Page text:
JEDDAH: The Saudi Project for Landmine Clearance (MASAM) in Yemen extracted 14 anti-personnel mines, 625 anti-vehicle mines, 67 explosive devices and 665 unexploded ordnance — totaling 1,371 mines — during three weeks of February.
A total of 44,743 mines have been extracted since the beginning of the project. An estimated 1 million mines have been planted by the Iranian-backed Houthi militias in Yemen over the past three years claiming hundreds of civilian lives.
MASAM aims to dismantle mines in Yemen to protect civilians and ensure that urgent humanitarian supplies are delivered safely. Houthis are developing anti-vehicle mines and turning them into antipersonnel explosives to intimidate and terrorize civilians.
The vast number of landmines continues to pose a threat to the lives of Yemeni people.
The King Salman Humanitarian Aid and Relief Center (KSRelief) and the Saudi Development and Reconstruction Program for Yemen (SDRPY) have organized an event to showcase aid provisions for Yemeni civilians, provided by the Kingdom.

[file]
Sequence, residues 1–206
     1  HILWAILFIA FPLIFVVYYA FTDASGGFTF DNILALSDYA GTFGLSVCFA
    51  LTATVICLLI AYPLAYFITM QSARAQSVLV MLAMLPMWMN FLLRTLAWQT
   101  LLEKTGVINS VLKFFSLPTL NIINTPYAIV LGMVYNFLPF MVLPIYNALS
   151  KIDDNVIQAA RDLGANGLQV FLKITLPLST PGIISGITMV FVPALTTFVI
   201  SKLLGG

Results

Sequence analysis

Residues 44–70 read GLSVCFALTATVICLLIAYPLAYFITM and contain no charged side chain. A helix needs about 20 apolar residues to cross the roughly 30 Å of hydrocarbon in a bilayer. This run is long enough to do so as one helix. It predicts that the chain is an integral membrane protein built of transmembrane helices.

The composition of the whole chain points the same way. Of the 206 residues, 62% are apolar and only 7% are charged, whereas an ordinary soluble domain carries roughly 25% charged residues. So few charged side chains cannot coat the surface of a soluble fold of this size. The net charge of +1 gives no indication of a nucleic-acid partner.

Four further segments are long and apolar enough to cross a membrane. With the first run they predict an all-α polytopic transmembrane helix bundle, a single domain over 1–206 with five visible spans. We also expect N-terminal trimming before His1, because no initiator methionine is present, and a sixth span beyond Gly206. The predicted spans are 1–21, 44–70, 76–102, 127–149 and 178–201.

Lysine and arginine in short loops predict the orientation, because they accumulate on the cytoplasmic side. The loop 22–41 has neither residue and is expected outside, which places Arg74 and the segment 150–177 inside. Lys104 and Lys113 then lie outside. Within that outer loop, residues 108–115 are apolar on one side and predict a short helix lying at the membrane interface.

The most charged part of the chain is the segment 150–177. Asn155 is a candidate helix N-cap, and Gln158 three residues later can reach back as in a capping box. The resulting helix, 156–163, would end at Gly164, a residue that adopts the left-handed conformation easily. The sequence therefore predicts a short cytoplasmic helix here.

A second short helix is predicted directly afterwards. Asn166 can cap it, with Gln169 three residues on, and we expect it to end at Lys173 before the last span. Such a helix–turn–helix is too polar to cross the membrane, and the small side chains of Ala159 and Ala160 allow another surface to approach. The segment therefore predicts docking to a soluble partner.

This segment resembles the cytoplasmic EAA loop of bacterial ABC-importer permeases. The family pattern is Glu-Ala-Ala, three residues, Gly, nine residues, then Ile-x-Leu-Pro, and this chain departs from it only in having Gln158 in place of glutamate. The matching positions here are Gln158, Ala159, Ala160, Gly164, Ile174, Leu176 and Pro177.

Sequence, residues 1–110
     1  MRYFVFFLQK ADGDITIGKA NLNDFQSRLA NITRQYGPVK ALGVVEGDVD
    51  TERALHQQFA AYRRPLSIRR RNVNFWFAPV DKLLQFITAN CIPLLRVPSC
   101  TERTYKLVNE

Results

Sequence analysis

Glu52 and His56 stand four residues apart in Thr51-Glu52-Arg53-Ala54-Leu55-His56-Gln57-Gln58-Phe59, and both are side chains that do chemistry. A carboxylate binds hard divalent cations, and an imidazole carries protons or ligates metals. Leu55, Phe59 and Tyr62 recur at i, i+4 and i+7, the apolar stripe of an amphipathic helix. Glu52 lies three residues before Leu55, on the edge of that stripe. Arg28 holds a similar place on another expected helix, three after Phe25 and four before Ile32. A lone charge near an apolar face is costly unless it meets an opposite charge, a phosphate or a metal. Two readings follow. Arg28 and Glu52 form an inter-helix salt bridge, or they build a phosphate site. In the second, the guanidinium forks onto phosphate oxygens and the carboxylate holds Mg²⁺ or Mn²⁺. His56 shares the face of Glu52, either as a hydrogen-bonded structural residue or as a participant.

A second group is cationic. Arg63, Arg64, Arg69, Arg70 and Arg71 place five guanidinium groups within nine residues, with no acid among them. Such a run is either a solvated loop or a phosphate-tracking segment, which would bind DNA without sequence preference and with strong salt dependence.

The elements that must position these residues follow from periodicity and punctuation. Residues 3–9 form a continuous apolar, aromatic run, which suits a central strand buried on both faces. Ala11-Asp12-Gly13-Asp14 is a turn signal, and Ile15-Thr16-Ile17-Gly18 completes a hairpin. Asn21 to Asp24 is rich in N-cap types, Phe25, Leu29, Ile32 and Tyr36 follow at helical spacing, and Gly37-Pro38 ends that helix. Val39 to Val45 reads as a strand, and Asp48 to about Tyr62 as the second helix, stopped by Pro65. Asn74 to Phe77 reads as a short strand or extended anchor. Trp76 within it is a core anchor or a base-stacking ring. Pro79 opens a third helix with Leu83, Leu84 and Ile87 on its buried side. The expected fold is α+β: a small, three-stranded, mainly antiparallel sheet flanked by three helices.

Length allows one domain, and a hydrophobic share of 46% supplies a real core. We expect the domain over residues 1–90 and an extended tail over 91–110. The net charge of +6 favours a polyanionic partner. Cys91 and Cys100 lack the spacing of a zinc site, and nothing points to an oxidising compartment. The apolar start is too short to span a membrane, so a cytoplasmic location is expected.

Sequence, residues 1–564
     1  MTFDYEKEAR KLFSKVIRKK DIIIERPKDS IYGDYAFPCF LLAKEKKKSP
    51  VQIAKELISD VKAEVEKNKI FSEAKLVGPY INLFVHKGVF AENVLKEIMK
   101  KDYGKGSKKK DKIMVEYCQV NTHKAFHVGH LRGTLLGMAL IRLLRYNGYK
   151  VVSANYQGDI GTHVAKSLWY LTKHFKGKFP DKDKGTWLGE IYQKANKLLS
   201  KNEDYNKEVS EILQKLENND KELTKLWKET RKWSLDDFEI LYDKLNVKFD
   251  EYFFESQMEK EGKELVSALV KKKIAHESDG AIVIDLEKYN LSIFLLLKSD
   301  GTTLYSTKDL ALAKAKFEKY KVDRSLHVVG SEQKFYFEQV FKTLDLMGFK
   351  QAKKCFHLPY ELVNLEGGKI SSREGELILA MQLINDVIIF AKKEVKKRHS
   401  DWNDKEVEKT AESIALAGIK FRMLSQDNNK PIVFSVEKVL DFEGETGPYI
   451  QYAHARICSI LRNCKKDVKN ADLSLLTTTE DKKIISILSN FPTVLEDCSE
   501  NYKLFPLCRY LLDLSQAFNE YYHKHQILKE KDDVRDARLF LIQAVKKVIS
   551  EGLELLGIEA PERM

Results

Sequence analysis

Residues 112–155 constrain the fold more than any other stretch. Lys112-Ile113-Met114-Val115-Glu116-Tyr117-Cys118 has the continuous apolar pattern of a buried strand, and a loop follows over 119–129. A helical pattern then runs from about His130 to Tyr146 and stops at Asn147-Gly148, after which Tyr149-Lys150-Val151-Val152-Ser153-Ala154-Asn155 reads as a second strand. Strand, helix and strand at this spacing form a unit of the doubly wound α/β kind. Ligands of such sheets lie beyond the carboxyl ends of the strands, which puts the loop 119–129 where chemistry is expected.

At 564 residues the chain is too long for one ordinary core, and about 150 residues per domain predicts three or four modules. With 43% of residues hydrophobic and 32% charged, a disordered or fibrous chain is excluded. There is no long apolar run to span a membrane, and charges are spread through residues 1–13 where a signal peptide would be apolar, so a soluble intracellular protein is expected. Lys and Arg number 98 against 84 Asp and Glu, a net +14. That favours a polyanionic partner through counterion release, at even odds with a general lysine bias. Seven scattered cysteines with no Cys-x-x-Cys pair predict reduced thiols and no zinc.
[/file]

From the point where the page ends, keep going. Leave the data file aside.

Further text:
It will be hosted by KSRelief chief Dr. Abdullah Al-Rabeeah, with officials from other regional states such as the UAE, as well as the UN, the World Food Programme and various charities also in attendance.
On Monday, KSRelief announced it had distributed 1,700 cartons of dates in the Yemeni port city of Mukalla, providing food for over 10,000 people.
Serving Syrian refugees
KSRelief provided services through its clinics in Jordan’s Zaatari refugee camp to 4,112 Syrians during the third week of February.
According to medical records, KSRelief’s general clinics received the highest number of patients (1,260), followed by children’s clinics (1,254). Women’s clinics received 400 patients.
Also, 189 Syrian refugees received treatment at the ear and nose clinic, 265 at the internal medicine clinic, and 218 at the dental clinic.
The surgical clinic treated 281 patients, the vaccine clinic 122, the communicable disease control project 59, and the nutrition and health care clinic 64.
KSRelief’s clinics provide patients in Zaatari refugee camp with free medicine and treatment, as well as follow-ups for patients suffering from chronic diseases.
These clinics are one of the health programs offered by KSRelief to Syrian refugees in Jordan.